Vol 5 No. 48 - August 17, 2005
Officials say beach mice would be nice
By Tom Vaught
sun staff writer
BRADENTON BEACH It might be the ultimate irony.
Mickey Mouse brought development to central Florida and
now a threatened species of mice might bring land preservation
to the forefront.
The sand dune and vegetation projects on the beaches are
working. Dunes topped with sea grasses are thriving in
areas that used to be barren, forming what city officials
hope will be a natural barrier against beachfront erosion
when storms hit the Island.
These dunes may be home to an endangered species of animal
that is being pushed out of its natural habitats by development.
Like the dunes themselves, beach mice may become a barrier
to beachfront development.
Members of the Scenic Highway Committee discussed beach
mice last week. They were told that the animals were reportedly
seen on the beach near Gulf Drive and Cortez Road, but
nobody has brought forth any evidence. The city would
like to find volunteers who might want to gather on the
beach and photograph them.
"I need three volunteers who would like to go out
at dusk and look for them," said Tjet Martin, a beachfront
resident. "We need three witnesses before we can
get some help from the state to preserve them."
That help could come from a grant to purchase land that
serves as habitat for the mice. In the past, the Florida
Fish and Wildlife Service offered grants to purchase up
to 75 percent of habitat land. Of course, beach mice like
to live on the beach and so do humans, so purchasing a
piece of Gulf front land in Bradenton Beach could be an
expensive undertaking. Nonetheless, Martin and others
would love to know if the little critters are out there
on those dunes. The more beachfront land the city could
purchase, the fewer beachfront properties could be built
to block the view of the Gulf. The city's diminishing
view of the water from Gulf Drive is one subject that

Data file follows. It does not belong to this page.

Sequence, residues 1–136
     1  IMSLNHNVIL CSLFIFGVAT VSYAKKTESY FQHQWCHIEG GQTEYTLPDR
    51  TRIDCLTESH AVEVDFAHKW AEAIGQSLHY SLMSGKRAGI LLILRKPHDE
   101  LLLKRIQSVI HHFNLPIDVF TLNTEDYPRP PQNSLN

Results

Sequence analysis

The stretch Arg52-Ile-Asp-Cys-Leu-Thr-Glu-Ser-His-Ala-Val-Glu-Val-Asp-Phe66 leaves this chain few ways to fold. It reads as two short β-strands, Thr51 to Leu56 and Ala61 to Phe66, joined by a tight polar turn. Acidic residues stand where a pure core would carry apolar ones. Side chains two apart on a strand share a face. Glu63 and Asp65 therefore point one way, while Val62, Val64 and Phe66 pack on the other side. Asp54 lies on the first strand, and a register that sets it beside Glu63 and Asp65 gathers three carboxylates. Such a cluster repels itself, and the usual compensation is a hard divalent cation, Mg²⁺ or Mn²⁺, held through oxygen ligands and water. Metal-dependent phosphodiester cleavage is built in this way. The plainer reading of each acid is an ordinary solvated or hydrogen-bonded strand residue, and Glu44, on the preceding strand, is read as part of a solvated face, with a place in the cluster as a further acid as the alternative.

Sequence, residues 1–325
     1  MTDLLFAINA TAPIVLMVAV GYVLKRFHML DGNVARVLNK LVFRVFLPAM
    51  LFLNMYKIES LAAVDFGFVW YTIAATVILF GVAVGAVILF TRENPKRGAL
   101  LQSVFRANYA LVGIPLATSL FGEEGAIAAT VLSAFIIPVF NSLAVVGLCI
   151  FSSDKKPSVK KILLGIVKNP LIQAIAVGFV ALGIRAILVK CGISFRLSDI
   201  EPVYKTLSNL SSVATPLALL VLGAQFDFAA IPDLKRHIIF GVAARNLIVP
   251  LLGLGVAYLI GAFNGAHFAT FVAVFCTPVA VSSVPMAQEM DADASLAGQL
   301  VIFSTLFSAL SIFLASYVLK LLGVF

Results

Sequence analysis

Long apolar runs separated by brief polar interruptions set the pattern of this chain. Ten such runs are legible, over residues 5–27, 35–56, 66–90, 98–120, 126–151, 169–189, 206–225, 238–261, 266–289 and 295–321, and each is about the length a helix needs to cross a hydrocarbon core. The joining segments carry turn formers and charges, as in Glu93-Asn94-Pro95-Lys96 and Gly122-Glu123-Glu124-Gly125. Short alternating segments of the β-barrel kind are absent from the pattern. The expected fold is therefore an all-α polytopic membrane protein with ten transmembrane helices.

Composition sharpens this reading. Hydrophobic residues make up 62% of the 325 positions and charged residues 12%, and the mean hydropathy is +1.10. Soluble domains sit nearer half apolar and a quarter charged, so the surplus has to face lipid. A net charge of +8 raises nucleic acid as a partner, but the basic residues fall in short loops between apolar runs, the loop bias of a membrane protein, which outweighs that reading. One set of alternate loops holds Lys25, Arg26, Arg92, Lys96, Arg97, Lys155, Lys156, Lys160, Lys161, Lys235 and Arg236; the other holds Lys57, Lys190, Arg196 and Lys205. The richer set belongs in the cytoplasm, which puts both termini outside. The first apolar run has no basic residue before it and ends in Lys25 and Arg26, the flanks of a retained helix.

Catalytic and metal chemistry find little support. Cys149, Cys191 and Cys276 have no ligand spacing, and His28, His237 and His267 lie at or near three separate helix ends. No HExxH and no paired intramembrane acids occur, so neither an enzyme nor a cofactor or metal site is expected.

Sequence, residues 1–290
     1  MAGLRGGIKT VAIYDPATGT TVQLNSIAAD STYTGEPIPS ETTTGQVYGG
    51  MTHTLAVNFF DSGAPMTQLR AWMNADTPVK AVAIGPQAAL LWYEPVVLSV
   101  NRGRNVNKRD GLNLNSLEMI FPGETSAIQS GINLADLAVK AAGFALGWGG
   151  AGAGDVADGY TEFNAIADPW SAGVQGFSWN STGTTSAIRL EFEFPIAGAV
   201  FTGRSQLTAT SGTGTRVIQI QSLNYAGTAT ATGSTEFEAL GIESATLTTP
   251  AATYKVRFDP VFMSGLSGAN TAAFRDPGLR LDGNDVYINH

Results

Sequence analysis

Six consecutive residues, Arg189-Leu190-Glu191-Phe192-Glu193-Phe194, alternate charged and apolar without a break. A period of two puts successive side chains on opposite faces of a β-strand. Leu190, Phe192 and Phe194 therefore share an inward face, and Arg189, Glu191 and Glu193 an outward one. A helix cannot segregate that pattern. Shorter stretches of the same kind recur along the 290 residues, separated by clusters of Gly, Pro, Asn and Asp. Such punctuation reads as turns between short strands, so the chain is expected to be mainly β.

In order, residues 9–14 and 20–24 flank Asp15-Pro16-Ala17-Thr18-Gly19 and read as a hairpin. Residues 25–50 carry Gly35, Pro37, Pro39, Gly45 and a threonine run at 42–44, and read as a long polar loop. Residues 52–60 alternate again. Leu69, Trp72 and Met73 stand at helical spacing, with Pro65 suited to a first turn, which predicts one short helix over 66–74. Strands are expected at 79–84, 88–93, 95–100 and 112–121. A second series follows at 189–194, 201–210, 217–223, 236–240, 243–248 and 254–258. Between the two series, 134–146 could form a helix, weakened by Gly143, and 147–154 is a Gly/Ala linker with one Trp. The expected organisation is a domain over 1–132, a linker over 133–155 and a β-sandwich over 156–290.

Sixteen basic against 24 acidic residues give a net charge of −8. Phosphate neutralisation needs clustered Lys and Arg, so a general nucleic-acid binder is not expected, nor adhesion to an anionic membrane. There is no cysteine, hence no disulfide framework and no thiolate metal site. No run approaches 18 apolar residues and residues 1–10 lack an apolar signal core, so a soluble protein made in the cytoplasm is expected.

has come up repeatedly in visioning sessions and Scenic
Currently, the only piece of beachfront land for sale
near where the beach mice have reportedly been seen is
the property where Trader Jack's used to sit and its price
tag is $25 million.
According to a research paper from the University of Florida
Extension Office, field mice live in dunes just above
the high tide line. Their main threats are coastal development
that destroys the dunes. They often live in holes abandoned
Beach mice are nocturnal animals that feed at night and
sleep in their burrows during the day. They feed on seeds
that have fallen from sea oats or climb the plants to
harvest seeds still on the stem. They help to distribute
sea oat seeds through their droppings.
Beach mice are monogamous and live an average of nine
months to a year. They have the ability to disburse several
kilometers from their birthplace, giving them a relatively
wide distribution potential. They prefer to construct
their burrows in mature, sparsely vegetated dunes adjacent
to the high tide line and the more densely vegetated dunes
Martin said she would be glad to go out with any volunteers
to document the mice, as long as they have three witnesses.
Call city hall at 778-1005 if you're interested.
Go back to Index August 17
Go back to Index archives
us | News
Island | Subscription
Store | Classified